Creative Child

Parenting: Teaching Success Through Failure

by Deborah Song on Jan 28th, 2015

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  1. Take manageable risks. Encourage your child to take risks but help him pursue failure in manageable doses. Since failure for the sake of failure is never the purpose, don’t place a highly sensitive child that abhors contact sports in a football field, for instance. Instead, guide him in a fitting direction and encourage him to try, fail and thrive there.
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  1. Expose them to the failures of others. Failure feels bad because we feel alone when we fail. When in fact, everyone who has ever done anything worthwhile has failed. Many times. So expose your children to stories of accomplished people who have had to try over and over. This will show them that failure is not only excusable, but it’s absolutely necessary for achievement.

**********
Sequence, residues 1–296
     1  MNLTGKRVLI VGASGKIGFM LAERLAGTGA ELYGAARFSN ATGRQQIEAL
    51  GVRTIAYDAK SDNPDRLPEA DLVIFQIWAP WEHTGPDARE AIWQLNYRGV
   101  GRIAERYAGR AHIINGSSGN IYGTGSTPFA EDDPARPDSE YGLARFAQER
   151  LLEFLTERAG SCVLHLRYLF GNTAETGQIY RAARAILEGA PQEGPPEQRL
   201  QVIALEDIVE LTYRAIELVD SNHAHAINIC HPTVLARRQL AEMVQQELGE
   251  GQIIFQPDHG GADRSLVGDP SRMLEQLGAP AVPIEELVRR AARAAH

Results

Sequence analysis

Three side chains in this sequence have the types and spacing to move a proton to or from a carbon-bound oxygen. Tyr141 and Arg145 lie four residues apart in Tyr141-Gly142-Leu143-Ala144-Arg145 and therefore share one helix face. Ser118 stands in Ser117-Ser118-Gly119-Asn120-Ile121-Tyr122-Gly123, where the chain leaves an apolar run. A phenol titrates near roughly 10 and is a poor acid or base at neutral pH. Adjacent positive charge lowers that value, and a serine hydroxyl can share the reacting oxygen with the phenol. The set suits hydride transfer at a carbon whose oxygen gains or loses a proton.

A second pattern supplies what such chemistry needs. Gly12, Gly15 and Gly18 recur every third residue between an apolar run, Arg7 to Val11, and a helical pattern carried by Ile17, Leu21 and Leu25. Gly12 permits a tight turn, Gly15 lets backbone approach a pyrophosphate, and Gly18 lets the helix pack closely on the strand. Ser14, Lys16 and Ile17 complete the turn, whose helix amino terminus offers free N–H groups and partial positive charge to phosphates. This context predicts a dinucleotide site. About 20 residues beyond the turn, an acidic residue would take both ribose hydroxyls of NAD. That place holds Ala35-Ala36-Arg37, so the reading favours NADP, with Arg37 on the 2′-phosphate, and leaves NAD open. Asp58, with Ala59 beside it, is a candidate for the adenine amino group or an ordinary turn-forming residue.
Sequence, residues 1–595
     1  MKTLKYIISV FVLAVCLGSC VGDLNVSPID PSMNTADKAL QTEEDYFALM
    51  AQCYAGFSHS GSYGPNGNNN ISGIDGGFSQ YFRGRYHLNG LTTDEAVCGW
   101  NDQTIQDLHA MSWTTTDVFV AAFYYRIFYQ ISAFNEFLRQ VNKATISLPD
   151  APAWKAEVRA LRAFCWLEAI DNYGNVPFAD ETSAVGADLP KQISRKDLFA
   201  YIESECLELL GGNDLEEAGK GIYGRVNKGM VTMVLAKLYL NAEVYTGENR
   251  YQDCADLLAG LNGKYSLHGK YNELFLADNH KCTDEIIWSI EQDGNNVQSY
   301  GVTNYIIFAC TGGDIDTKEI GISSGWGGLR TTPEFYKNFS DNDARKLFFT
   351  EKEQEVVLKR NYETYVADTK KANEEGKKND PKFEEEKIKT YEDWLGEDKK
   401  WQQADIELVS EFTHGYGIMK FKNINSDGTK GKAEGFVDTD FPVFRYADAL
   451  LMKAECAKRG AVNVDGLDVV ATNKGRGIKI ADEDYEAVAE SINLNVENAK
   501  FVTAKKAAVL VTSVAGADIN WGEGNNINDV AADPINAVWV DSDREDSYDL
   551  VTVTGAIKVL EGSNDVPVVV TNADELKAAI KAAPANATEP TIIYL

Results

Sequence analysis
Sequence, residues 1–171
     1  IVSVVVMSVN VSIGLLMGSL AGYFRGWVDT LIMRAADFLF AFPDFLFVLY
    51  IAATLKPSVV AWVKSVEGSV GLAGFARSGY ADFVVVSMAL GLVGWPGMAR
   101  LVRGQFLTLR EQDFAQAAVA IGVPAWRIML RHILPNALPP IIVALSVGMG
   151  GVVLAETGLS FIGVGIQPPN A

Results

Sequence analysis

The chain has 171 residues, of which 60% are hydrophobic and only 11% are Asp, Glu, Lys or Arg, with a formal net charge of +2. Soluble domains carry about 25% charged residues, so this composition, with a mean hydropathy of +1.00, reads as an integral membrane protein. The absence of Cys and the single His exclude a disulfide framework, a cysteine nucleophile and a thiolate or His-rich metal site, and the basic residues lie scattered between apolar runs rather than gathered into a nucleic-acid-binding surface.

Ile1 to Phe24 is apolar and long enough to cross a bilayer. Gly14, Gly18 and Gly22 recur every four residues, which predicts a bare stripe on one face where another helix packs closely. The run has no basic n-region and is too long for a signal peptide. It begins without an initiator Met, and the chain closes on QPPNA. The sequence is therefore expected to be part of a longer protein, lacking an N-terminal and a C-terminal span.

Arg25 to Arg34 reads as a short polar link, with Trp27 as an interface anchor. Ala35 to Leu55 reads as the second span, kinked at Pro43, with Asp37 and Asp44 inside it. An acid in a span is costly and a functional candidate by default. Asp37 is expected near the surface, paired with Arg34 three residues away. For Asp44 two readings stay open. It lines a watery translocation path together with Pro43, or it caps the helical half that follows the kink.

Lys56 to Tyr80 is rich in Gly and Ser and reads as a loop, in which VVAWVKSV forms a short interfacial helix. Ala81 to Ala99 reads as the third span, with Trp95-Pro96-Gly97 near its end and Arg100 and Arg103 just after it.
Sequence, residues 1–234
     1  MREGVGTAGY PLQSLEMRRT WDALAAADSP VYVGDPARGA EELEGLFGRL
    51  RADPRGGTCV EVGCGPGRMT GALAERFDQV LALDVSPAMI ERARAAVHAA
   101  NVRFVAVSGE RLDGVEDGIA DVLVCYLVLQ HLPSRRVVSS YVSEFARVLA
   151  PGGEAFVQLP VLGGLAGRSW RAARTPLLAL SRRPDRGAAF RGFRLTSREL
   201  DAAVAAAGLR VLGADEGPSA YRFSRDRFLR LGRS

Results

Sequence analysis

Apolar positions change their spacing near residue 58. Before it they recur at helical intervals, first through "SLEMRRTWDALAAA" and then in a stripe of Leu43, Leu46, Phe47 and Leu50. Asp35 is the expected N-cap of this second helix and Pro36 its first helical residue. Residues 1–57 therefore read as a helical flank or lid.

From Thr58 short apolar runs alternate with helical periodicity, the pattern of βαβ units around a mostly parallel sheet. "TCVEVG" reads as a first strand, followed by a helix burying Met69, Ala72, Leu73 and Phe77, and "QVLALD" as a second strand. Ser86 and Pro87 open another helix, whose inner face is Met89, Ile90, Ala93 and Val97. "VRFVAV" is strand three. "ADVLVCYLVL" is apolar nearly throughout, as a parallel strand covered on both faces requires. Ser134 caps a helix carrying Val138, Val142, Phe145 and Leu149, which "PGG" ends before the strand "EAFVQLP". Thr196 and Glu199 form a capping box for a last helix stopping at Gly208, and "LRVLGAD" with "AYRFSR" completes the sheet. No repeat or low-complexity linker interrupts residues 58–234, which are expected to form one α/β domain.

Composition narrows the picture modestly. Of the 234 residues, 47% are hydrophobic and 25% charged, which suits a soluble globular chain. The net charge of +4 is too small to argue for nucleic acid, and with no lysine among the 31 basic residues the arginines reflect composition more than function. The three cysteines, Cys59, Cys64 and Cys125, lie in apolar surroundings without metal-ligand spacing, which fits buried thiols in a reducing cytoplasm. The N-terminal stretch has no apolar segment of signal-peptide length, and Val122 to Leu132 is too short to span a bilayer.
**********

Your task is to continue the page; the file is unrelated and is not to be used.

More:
1. Check your own mentality about failure. If you inherently abhor failure in your child, all of the above efforts will be negated. There is no point in saying, “Good job for trying!” when your face is wearing a disappointed frown. Your child naturally needs your approval. It is the lifeblood to a child’s confidence. So if the idea of your child failing makes you feel queasy, try reading The Up Side of Down: Why Failing Well is the Key to Success.” There are many examples of how accomplishments were made not in spite of mistakes but because of them.

 

Deborah Song is a Los Angeles-based writer and the mother of two girls. She received her master’s in journalism from New York University and writes about parenting, business and kid entrepreneurship. You can read more of her work at lemonadepost.com.

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